As Kreins was completing his records check, Zonver and a female companion emerged from the restaurant, got into the Cadillac, and drove away. Following, Kreins called for assistance and stopped the Cadillac. After asking Zonver to alight, Kreins went to the Cadillac and observed the gun in the same location. He retrieved it and asked Zonver if he was in law enforcement or had a permit to carry a gun. When Zonver replied in the negative, he was placed under arrest.

Pursuant to Penal Code section 1538.5, Zonver moved to suppress evidence of Kreins' examination of the gun, and his later statements to Kreins, as products of an illegal search. Relying upon People v. Kern (1979) 93 Cal.App.3d 779, 155 Cal.Rptr. 877, he urged that before Kreins could enter the Cadillac to examine the firearm he was obligated to seek out the owner of the firearm and request to examine it. There is no dispute that Kreins made no such request and that Lopez did not have Zonver's permission to open the Cadillac for such an examination.

After reviewing People v. Kern, supra, and People v. Greer, supra, the trial judge denied the motion. Zonver then pleaded guilty, and judgment and this appeal followed. His sole contention on appeal is that as a legal requirement under subdivision (e) of section 12031 of the Penal Code, Kreins was obligated first to make a request of Zonver to inspect the gun before examining it. Absent such a request, he maintains, a peace officer must have independent probable cause to believe the gun loaded or there must exist exigent circumstances justifying a search before entering the vehicle.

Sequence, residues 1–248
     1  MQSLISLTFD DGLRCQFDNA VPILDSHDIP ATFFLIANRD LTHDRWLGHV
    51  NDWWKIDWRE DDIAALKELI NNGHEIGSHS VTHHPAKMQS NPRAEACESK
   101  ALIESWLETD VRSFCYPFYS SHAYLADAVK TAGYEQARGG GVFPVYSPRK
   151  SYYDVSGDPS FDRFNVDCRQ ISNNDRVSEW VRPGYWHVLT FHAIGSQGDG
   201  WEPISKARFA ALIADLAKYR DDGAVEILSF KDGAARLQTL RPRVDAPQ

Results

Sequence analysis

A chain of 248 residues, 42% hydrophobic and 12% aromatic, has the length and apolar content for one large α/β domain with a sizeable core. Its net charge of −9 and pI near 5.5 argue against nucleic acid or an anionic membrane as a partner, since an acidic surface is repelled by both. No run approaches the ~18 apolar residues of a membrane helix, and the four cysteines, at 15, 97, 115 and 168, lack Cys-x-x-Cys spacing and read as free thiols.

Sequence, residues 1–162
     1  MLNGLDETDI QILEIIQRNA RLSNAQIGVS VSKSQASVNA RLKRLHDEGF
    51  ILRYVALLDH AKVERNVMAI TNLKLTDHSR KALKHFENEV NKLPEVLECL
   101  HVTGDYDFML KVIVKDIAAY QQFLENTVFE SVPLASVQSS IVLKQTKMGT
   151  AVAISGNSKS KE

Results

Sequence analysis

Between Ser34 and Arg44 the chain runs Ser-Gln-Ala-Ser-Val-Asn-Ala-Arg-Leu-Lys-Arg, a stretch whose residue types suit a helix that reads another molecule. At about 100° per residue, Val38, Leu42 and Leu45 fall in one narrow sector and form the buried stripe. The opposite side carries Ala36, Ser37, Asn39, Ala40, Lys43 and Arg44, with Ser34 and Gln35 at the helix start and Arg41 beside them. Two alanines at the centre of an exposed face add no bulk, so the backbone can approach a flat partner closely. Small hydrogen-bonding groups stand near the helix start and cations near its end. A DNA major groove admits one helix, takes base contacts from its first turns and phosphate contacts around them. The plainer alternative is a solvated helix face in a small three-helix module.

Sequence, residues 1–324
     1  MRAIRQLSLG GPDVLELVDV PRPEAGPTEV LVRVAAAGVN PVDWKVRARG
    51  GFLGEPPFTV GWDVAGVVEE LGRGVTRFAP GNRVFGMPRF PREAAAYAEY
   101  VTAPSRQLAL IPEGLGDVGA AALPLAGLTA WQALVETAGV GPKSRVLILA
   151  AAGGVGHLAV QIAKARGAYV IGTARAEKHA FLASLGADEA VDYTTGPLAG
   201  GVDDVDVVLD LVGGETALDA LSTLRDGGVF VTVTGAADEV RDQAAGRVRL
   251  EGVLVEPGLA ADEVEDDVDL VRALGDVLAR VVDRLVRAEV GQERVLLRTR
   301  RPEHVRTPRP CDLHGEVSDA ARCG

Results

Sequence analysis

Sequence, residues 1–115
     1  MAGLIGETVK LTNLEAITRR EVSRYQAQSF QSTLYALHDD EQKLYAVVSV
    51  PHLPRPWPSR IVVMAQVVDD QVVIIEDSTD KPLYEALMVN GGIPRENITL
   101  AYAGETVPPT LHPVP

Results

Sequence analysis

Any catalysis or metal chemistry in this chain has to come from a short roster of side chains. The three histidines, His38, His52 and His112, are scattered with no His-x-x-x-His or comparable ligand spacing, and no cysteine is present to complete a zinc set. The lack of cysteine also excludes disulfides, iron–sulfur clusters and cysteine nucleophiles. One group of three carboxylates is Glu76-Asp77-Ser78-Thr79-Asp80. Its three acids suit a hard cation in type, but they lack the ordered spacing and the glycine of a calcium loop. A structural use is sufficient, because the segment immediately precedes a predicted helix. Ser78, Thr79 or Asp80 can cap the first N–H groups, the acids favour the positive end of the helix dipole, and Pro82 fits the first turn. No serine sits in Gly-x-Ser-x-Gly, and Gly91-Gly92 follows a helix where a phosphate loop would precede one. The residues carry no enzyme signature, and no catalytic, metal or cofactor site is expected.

On appeal, the People have suggested theories for upholding Kreins' entry into the Cadillac alternative to subdivision (e) of section 12031 of the Penal Code. Defendant responds that these are theories not urged in the trial court but raised for the first time on appeal. Upon our examination of the record, we are unable to find any basis for the People's alternative theories, or any evidence that they were urged or considered in the trial court. The only basis for an affirmance is subdivision (e) of section 12031 of the Penal Code.

Subdivision (e) of section 12031 provides: